Size-controlled silver nanoparticles synthesized over the range 5–100 nm using the same protocol and their antibacterial efficacy
A systematic and detailed study for size-specific antibacterial efficacy of silver nanoparticles (AgNPs) synthesized using a co-reduction approach is presented here. Nucleation and growth kinetics during the synthesis process was precisely controlled and AgNPs of average size 5, 7, 10, 15, 20, 30, 50, 63, 85, and 100 nm were synthesized with good yield and monodispersity. We found the bacteriostatic/bactericidal effect of AgNPs to be size and dose-dependent as determined by the minimum inhibitory concentration (MIC) and minimum bactericidal concentration (MBC) of silver nanoparticles against four bacterial strains. Out of the tested strains, Escherichia coli MTCC 443 and Staphylococcus aureus NCIM 5201 were found to be the most and least sensitive strains regardless of AgNP size. For AgNPs with less than 10 nm size, the antibacterial efficacy was significantly enhanced as revealed through delayed bacterial growth kinetics, corresponding MIC/MBC values and disk diffusion tests. AgNPs of the smallest size, i.e., 5 nm demonstrated the best results and mediated the fastest bactericidal activity against all the tested strains compared to AgNPs having 7 nm and 10 nm sizes at similar bacterial concentrations. TEM analysis of AgNP treated bacterial cells showed the presence of AgNPs on the cell membrane, and AgNPs internalized within the cells.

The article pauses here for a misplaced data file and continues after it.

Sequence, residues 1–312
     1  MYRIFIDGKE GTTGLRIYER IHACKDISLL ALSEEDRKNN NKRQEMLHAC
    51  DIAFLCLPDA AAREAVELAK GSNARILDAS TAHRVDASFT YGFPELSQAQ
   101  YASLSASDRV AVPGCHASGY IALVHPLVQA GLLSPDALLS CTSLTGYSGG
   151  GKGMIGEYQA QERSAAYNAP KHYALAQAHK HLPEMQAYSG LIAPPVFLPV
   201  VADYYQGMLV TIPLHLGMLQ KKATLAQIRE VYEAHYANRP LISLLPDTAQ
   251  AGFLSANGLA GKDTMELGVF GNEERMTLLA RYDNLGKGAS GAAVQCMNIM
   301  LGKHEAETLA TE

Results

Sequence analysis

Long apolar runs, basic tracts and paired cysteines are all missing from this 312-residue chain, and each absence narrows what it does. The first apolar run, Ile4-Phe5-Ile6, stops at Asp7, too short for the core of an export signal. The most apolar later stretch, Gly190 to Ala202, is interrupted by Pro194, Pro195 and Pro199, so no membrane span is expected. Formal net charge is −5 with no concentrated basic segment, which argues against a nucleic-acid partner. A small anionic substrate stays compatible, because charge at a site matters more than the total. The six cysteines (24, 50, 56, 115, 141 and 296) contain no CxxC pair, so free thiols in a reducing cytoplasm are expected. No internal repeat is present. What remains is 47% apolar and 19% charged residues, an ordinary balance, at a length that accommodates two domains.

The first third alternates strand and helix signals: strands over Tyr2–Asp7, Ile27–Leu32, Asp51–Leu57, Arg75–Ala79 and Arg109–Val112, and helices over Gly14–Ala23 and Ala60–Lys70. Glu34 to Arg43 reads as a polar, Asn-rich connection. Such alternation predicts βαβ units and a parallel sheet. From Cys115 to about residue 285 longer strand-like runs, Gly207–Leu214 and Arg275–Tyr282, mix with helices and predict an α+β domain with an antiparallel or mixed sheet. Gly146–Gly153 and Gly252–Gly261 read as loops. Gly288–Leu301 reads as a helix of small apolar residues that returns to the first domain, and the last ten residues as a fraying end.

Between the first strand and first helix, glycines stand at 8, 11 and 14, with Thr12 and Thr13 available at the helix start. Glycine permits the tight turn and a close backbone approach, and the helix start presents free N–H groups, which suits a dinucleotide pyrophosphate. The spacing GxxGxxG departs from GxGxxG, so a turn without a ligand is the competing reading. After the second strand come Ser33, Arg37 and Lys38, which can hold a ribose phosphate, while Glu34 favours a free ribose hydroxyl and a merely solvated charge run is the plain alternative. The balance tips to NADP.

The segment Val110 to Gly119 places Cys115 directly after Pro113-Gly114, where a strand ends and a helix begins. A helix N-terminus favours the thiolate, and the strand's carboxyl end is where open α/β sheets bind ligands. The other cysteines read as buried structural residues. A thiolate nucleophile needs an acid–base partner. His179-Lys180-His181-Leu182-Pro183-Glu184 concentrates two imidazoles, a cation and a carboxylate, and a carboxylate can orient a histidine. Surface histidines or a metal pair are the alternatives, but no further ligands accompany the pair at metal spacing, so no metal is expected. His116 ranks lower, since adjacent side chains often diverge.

- This article is part of the themed collection: Chemistry for Medicine: Special Collection for RSC Advances